Grace is a 6th grader in the New Jersey Public School system. She is an avid reader and writer, Suzuki pianist, and budding artist—not to mention a huge fan of everything J.K. Rowling. A digital knuckle bump to her for contributing this blogpost to jumpstart our summer here at PLAY.


To a fanatic of J.K. Rowling, Pottermore is like a dream come true. Having read all the books about 100 times, one would think I don’t need a website since I have practically memorized the whole series. When I first heard about Rowling coming out with a website (see her promo video below), I thought that she didn’t need to, as her books are exceptional as they are. The nanosecond I heard that Pottermore had been released to public, I signed up. It was so simple: I had expected parent confirmations, but all I had to do was select my country, date of birth, language, and e-mail address. Then, for safety purposes, I had to choose from a list of approximately 4-5 randomly compiled usernames. After I entered the required information and created my password, the administrators sent me a confirmation email. From there, I clicked on the home page to sign in and unlock the extraordinary. To give you a sense of what it’s like, watch this video introduction:



When you sign into your account, your “gateway” is the automatic first screen.  If you choose to live the experience of Harry Potter and the Sorcerer’s Stone you will fly through slideshows from each chapter. Throughout the “books” you can discover J. K. Rowling’s explanations for characters, places, and plots. You earn house points for collecting Wizarding Items such as Chocolate Frog Cards, Potion Ingredients, and random objects. During the early pages, you will gain: a Gringott’s account (bank account) with 500 Galleons, a magic wand with physical properties (depending on answers to a quiz) and your supplies for Hogwarts School of Witchcraft and Wizardry.


From there, you will take a test to sort you into your house. For example, one question was, “What do you find hardest to deal with?” Based on all of your answers, you are assigned to one of the four houses: Gryffindor (brave, courageous and loyal), Slytherin (self-centered), Hufflepuff (caring, kind and friendly), or Ravenclaw (logical, smart and factual). Once you’ve been sorted, the Pottermore Insider says, “The Sorting Hat’s decision is final!” so you will not be able to switch houses. Overall, I question the accuracy of house assignments, as someone could answer how they would like things to be, not as they really are.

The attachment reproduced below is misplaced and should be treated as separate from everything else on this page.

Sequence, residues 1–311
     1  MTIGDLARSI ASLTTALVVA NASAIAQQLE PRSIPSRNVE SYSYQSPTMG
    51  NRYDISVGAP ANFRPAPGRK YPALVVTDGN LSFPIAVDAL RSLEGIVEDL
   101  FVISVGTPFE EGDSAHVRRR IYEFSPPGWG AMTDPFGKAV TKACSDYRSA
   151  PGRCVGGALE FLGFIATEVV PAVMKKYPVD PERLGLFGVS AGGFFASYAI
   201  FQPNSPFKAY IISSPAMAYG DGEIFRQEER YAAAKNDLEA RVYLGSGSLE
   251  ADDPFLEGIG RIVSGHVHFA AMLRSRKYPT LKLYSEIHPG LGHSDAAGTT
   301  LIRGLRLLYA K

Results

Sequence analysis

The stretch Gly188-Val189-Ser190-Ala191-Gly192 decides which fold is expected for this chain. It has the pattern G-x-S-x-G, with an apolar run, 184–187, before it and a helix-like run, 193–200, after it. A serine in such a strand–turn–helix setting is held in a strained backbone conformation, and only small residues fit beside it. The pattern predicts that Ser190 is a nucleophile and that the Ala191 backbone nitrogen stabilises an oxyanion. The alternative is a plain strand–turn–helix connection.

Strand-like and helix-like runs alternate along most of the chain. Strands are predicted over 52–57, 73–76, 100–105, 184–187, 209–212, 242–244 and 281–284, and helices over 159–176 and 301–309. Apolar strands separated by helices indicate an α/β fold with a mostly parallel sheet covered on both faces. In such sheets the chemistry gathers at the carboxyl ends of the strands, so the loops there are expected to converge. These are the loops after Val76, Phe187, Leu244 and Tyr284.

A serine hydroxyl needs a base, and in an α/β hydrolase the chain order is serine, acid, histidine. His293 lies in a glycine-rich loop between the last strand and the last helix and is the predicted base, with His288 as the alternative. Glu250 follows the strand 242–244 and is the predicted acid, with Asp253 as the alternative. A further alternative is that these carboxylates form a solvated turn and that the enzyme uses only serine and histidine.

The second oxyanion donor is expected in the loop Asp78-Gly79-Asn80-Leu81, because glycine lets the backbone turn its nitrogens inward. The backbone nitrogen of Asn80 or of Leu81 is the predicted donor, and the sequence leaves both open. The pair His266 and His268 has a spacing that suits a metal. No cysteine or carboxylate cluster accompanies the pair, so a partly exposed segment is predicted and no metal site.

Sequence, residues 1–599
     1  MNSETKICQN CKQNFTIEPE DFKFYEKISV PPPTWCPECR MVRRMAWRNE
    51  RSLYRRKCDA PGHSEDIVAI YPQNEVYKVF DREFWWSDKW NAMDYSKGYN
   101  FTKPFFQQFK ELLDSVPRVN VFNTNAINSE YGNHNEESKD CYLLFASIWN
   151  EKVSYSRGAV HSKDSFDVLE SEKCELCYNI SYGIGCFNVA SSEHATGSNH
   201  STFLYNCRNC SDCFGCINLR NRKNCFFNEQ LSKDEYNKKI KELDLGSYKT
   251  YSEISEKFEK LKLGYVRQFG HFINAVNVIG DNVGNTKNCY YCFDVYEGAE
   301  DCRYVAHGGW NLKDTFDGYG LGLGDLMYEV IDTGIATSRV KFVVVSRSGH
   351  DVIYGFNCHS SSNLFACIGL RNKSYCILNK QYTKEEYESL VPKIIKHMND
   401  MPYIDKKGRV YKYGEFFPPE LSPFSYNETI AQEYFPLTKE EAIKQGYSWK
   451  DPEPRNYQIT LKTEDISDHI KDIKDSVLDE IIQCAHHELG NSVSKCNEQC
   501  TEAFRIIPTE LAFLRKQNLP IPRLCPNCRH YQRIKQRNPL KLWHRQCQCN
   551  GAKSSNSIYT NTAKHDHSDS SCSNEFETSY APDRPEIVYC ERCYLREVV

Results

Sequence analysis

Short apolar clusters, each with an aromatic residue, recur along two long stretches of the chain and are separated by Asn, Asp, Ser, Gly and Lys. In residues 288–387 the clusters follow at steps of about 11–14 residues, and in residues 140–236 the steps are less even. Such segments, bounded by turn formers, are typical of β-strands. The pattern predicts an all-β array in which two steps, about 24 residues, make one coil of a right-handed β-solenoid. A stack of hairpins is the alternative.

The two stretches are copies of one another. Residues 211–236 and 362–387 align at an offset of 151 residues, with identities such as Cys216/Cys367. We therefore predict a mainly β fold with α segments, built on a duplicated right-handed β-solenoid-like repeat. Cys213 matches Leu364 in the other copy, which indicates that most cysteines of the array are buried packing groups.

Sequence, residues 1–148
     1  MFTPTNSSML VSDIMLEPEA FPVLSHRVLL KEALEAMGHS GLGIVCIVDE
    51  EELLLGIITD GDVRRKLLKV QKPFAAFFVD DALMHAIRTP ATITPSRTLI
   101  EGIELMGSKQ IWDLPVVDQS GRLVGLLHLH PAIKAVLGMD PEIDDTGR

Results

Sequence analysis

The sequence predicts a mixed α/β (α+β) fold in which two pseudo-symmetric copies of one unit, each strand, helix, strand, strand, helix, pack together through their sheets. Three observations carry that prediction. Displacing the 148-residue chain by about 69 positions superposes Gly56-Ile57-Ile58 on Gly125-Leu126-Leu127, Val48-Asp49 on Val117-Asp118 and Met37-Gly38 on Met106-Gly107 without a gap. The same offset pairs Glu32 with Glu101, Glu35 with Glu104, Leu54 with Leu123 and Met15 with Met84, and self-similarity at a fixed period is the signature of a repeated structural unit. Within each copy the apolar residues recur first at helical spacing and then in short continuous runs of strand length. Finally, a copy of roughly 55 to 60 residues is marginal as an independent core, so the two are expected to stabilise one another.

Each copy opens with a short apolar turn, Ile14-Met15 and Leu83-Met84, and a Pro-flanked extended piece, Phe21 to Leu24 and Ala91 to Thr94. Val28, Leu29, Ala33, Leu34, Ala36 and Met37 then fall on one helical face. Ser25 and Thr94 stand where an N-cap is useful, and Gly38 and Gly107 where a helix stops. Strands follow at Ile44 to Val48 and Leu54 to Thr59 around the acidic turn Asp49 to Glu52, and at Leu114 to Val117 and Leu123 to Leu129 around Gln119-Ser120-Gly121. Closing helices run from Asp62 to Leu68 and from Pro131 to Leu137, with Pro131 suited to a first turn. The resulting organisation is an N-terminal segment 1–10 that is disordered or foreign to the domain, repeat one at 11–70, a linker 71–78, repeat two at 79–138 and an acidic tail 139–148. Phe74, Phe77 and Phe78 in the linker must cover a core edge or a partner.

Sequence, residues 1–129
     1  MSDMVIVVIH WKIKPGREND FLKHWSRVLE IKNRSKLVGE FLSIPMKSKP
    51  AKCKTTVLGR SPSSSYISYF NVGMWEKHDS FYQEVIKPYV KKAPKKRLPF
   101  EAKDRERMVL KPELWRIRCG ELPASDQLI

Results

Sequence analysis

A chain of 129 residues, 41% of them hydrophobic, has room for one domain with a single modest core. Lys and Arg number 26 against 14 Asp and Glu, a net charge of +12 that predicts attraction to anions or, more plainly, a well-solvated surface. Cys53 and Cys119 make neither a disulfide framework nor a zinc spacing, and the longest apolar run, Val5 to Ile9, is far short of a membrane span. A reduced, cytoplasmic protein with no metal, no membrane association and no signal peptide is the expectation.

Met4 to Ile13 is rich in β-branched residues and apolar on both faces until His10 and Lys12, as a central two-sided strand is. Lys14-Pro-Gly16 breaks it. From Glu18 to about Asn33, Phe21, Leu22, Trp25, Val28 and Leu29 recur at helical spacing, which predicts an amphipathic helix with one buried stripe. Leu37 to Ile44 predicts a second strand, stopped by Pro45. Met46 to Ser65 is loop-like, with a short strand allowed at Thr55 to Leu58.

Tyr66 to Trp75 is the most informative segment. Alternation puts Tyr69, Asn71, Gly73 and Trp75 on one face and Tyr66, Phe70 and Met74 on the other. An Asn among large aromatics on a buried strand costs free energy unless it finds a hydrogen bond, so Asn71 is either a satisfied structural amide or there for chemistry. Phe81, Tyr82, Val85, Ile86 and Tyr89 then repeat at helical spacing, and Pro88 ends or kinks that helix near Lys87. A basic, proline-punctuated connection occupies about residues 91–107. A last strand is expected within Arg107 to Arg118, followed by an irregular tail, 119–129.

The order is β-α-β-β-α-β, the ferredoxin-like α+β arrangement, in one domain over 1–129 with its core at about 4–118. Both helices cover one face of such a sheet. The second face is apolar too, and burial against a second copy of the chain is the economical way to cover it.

Once you have been sorted, you will be able to enjoy the Pottermore experience. In addition to the literary element, Pottermore is also compiled of an interactive property. If you are below the age of 13, you are able to post an appropriate comment in your House Common Room (or at the closing of each Potter page) and will then be sent to automatic moderation. When you are in your Common Room, you are also capable of searching for “Recent Activity.” In your Common Room, you are capable of observing profiles, adding friends, commenting, and looking at the top House Point and Wizard Duel earners. (I only have three friends so far, and two of them are from my school).


My favorite space is wizard dueling, you earn house points and learn spells from the book. The point of dueling is to earn house points and to gain knowledge of more jinxes, hexes, curses, and counter curses. In the process of a duel, depending on the accuracy of your spell, you will be assigned a “spell cast potency” such as for an extremely good dueler, 193. Every house point earned will go into that house’s hourglass of points to then compete for the House Cup.


The public can search for questions, comments, and concerns on the Pottermore Insider. You can also see user-submitted drawings of specific book chapters.


So in my opinon, Pottermore is just like the books: brilliant. One of my favorite things to do is playing Wizard’s Duel and attempting to create a cure for boils. This program is so enjoyable and informing (about the books). I especially like that Pottermore includes excerpts from each chapter with standout slideshows. While you may not know it, you are also learning new facts, like how people tend to talk. Also, you are not confined to yourself, and you can interact with other sorcerers. Another great thing to do is to read pieces published on Pottermore. Overall, I think of Pottermore as an invaluable piece of interactive artwork.


And if that isn’t convincing enough, listen to J. K. Rowling herself:

Guest Post: Grace and the Beauty of Pottermore
Facebooktwitterredditpinterestlinkedinmail